Brazilian retail markets had been a tempting arena for growth-minded companies since the country instituted democratic reforms in the 1980s. To raise capital for continued expansion, Abílio Diniz, the billionaire chairman of Brazil's number-one retailer, Companhia Brasileira de Distribuição (CBD), entered a long-term agreement in 2005 to transfer control of the retail empire to the CEO of the French retailer Casino Guichard-Perrachon SA in 2012.
As the date for the planned takeover drew near, Diniz tried to get around his agreement with Casino by engaging in secret negotiations to create a new, Brazil-based partnership with Carrefour SA, Casino's retailing archrival in France. Drawing on his network of influential advisors and investors and his close ties with government, Diniz secretly struck a plan to secure government-backed private funding to merge CBD with Carrefour's Brazilian operations and install himself at the helm of a new retailing giant with a commanding Brazilian market share.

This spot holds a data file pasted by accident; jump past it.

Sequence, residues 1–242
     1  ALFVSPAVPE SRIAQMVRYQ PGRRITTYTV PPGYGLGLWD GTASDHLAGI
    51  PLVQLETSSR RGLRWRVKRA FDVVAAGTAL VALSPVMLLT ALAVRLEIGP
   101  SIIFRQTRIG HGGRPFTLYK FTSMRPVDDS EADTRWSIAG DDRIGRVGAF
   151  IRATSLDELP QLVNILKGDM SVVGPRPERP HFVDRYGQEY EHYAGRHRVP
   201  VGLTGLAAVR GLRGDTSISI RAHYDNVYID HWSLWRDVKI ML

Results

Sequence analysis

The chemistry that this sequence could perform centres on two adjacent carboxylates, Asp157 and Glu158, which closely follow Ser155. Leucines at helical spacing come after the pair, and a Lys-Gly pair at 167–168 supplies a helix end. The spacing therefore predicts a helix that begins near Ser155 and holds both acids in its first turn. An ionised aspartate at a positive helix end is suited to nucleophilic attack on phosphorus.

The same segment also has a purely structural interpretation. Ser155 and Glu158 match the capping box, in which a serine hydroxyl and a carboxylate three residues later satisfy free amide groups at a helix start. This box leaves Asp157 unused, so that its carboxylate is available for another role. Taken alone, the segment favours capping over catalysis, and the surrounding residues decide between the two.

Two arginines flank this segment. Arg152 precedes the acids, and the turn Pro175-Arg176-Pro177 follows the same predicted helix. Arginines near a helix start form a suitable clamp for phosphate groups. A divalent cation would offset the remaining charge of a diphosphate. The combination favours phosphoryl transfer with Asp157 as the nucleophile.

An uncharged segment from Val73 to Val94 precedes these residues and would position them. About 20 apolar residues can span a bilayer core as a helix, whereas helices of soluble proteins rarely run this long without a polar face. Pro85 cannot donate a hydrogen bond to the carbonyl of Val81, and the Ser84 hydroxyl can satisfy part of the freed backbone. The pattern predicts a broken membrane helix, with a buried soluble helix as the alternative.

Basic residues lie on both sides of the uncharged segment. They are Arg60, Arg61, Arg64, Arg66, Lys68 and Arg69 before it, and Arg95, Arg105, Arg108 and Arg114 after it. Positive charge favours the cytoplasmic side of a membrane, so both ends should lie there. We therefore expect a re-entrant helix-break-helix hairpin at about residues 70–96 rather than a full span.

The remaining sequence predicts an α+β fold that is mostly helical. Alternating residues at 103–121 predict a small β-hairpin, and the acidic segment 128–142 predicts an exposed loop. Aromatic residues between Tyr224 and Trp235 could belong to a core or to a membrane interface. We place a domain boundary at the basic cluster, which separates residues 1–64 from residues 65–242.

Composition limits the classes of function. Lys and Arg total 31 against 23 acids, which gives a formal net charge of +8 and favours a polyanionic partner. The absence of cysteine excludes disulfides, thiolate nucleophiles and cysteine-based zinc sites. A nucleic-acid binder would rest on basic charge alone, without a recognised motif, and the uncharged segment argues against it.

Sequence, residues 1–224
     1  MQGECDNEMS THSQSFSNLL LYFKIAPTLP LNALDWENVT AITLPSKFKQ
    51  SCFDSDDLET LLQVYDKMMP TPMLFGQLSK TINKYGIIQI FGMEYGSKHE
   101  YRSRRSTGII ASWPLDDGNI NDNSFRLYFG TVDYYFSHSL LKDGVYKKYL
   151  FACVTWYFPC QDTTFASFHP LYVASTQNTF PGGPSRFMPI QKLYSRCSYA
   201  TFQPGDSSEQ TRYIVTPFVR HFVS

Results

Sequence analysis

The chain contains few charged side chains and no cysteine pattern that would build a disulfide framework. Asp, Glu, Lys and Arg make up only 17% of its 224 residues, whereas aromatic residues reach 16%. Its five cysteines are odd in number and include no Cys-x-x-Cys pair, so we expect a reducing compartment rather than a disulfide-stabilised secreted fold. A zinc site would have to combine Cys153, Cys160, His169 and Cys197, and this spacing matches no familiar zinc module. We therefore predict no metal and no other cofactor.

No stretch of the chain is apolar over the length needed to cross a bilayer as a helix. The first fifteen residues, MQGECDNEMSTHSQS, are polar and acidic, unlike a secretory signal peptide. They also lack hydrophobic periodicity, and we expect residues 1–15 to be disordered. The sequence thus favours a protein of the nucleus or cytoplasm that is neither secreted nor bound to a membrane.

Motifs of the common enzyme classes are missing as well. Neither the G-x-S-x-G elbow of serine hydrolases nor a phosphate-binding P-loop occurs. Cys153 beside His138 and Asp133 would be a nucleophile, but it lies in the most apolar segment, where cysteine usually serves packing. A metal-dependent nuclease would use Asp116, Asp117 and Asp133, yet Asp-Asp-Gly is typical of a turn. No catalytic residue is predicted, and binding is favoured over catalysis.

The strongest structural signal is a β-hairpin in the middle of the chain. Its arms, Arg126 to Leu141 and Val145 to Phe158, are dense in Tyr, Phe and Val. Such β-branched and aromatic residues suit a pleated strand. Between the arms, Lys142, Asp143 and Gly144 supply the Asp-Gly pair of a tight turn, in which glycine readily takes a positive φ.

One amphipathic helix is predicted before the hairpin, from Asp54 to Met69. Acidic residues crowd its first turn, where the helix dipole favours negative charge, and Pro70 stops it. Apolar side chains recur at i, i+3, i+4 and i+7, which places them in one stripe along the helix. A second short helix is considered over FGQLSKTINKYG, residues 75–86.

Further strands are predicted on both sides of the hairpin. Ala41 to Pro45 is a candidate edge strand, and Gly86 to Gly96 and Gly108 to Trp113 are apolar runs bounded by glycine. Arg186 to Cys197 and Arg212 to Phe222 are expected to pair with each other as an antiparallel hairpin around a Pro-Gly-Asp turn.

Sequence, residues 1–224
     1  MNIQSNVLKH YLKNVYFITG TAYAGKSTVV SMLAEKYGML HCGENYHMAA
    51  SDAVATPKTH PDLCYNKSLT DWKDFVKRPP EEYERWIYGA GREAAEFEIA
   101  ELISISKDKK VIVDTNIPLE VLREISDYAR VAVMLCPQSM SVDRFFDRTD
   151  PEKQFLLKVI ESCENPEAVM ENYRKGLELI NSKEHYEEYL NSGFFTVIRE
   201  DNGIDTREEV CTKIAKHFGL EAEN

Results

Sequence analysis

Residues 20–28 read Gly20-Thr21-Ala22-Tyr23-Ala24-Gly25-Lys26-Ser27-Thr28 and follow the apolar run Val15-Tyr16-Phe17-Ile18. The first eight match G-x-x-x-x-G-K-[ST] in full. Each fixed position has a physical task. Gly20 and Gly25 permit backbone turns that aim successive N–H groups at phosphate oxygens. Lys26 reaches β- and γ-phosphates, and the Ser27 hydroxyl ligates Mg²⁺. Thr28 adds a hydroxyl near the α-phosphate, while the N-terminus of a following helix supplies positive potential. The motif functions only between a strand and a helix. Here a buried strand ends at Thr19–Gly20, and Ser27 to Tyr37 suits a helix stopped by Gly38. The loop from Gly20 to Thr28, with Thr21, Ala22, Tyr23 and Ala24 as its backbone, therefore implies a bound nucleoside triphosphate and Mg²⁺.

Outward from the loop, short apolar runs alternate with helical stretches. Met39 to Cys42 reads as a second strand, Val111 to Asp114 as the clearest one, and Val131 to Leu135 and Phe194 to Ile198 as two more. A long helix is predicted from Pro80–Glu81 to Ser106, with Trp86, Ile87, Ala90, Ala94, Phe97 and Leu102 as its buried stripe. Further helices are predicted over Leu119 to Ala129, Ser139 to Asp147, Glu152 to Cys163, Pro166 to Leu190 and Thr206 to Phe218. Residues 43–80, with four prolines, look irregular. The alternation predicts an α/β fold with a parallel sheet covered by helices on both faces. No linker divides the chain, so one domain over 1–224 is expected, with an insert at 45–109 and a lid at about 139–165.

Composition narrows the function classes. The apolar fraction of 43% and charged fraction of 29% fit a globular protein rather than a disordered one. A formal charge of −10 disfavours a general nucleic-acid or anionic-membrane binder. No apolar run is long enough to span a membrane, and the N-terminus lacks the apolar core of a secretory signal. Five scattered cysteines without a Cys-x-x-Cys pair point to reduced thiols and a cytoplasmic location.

Once discovered, the proposal sparked a fierce counterattack by Casino's chairman, Jean-Charles Naouri. Marshaling an army of lawyers, Naouri filed a request for international arbitration, raised Casino's stake in CBD, and sought and won a French court order to raid Carrefour headquarters for documents. Naouri was able to enforce the 2005 agreement after persuading Brazilian officials to abandon their plans to support a CBD-Carrefour merger. The battle led to a permanent split between former partners Naouri and Diniz—and to Diniz's eventual exit from the Brazilian retailing empire he had built.
Students will explore how weak corporate governance at CBD and in Brazil in general, as well as political and cultural differences between the two leaders and their respective nations, helped ignite one of the biggest intercontinental boardroom showdowns in history.